Pre IVF and IVF Support Using Natural Solutions
You’ve been trying to conceive naturally for 12 months and it hasn’t happened, so you go to your GP who hasn’t really given you an explanation for why but refers you on to IVF specialists.
Before you take the step into the IVF journey and during here are 5 things you can improve your chances. Really the best scenario is to have been doing these things the whole time from when you first thought about getting pregnant, but sometimes we don’t because we don’t know any better.
1. Address any hormonal condition: Such as PCOS, endometriosis, fibroids, hypothalamic amenorrhea, adenomyosis and thyroid. These conditions can be managed really well through lifestyle, nutrition and specific supplementation. I have written blog here and here on some of these topics which go into ore depth on how to manage.
2. Reducing Xenoestrogens: Xenoestrogens are endocrine disruptors and interfere with our natural hormonal state by blocking ot mimicking our own hormones. Unfortunately, they are found frequently in our everyday environment and we really have to make a conscious effort to avoid them. Some common ones are; skin care, make-up, cleaning products, non organic produce, receipts and plastics.
By reducing these toxic disrupters your hormonal cycle will be more likely to regulate naturally.
3. Improve Sperm Health: Sperm health is important and goes beyond just conceiving, it also plays a role in the health of the overall pregnancy and possibly the baby. Sperm health includes sperm count, morphology (structure) and motility (movement). The life cycle of sperm is only 72 days so men can improve the quality of their sperm within just a few months.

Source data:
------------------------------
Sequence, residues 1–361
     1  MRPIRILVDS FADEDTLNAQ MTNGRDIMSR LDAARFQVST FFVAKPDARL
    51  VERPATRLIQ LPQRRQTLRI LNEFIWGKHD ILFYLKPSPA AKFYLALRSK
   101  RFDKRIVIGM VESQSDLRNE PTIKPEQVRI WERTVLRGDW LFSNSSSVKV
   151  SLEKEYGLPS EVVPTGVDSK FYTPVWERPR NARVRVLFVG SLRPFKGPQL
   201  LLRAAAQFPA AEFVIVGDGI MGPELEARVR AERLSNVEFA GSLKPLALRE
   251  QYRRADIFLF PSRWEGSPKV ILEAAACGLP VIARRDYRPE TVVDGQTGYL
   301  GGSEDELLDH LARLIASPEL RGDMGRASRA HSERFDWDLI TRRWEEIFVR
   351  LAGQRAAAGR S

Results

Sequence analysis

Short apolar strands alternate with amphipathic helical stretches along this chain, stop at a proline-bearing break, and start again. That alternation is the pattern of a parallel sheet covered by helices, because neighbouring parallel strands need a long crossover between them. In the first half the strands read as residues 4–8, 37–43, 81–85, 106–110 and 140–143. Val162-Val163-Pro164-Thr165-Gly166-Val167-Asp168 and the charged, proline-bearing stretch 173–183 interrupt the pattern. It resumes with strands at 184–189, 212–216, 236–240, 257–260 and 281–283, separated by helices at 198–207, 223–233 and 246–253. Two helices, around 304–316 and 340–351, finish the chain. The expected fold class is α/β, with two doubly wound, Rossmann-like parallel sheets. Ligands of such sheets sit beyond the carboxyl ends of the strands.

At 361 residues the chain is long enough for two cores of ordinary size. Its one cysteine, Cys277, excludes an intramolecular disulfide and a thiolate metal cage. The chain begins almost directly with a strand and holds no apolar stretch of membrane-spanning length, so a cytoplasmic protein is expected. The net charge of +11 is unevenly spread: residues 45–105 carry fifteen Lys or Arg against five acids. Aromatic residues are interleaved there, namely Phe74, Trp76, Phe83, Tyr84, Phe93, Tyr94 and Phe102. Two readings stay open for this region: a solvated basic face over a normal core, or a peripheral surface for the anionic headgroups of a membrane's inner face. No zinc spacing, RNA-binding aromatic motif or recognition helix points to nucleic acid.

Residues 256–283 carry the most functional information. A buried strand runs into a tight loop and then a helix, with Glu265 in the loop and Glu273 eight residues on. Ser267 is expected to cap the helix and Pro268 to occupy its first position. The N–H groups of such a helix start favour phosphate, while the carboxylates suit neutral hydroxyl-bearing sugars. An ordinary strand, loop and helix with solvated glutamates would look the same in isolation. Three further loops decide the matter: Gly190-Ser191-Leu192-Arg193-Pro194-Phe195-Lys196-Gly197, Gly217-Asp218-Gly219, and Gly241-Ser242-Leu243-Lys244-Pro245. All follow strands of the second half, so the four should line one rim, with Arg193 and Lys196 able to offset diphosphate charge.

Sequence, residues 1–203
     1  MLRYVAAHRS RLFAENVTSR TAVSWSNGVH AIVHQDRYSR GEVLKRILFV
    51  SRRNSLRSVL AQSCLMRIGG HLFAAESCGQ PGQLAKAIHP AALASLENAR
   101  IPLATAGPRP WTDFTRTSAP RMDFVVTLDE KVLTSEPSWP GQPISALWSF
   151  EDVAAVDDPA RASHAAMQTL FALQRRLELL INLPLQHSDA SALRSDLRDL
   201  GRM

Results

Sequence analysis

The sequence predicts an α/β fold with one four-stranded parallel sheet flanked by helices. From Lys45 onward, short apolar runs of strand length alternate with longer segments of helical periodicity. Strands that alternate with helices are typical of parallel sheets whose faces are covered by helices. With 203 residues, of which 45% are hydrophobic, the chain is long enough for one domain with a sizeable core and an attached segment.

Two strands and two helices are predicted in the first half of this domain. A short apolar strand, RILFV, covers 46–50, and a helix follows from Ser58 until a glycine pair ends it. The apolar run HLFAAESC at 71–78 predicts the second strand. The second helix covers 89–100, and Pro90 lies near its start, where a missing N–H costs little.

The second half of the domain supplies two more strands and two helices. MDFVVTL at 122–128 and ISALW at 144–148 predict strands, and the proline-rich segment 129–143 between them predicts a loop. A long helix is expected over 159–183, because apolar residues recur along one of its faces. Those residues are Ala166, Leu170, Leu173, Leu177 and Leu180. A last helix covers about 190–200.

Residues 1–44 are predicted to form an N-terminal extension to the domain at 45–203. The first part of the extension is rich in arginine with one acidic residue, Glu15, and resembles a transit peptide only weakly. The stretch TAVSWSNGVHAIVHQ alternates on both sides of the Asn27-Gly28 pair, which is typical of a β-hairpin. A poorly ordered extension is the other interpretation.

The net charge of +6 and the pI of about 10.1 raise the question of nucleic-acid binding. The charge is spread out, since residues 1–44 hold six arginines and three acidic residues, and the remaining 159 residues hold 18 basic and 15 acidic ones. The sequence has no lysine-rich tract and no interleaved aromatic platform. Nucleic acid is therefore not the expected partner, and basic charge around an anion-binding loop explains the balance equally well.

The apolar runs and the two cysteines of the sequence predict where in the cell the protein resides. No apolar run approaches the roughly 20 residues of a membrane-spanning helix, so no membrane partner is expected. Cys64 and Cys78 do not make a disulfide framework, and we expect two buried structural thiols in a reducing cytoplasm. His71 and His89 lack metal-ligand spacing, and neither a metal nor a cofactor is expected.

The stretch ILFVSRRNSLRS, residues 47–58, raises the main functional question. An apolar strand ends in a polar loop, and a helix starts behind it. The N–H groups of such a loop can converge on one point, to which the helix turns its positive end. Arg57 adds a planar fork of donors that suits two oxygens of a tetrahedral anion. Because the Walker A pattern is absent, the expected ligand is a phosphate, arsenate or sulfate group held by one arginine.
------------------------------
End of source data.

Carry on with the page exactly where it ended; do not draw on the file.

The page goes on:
All the lifestyle and nutrition modifications apply to men too such as minimizing alcohol, quitting smoking and eating an anti-inflammatory diet as well as exercising.
Avoiding xenoestrogens as mentioned above, excessive phytoestrogens such as soy have been shown to reduce testosterone bonding and sperm production.
There are some key nutritional compounds that are necessary for sperm health such as;
· Zinc – plays a role in regulating sperm count and quality. Foods high in zinc are oysters, re meat and poultry, shellfish, nuts and beans.
· Folate – Low folate has been indicated in damaged sperm DNA, lower sperm densities and sperm counts. Foods high in folate are leafy green veggies, fruits, nuts and beans.
· B12 – is important for overall sperm health, improving sperm motility, increasing sperm count and reduces DNA damage.
· Vitamin C – is an antioxidant that improves sperm motility, count and morphology. Foods high in vitamin C are citrus fruits, other fruits such as kiwi, strawberries and cantaloupe and vegetable like tomatoes, broccoli, brussel sprouts, potatoes.
· Vitamin D – supplementation has been shown to increase testosterone and improve sperm motility.
· Vitamin E – It’s antioxidant action protects sperm from damage and may help improve the quality.
· Omega 3 fatty acids – enhance sperm count, motility and morphology. Foods high in omega 3’s are fish and seafood, nuts and seeds, flaxseeds, walnuts, chia seeds.
· CoQ10 - has been shown to improve sperm quality in men who are infertile.
Herbs that are beneficial for sperm health are tribulus terrestris which may increase libido and help with erectile dysfunction. Fenugreek and ashwaganda are two herbs that have shown to increase testosterone levels.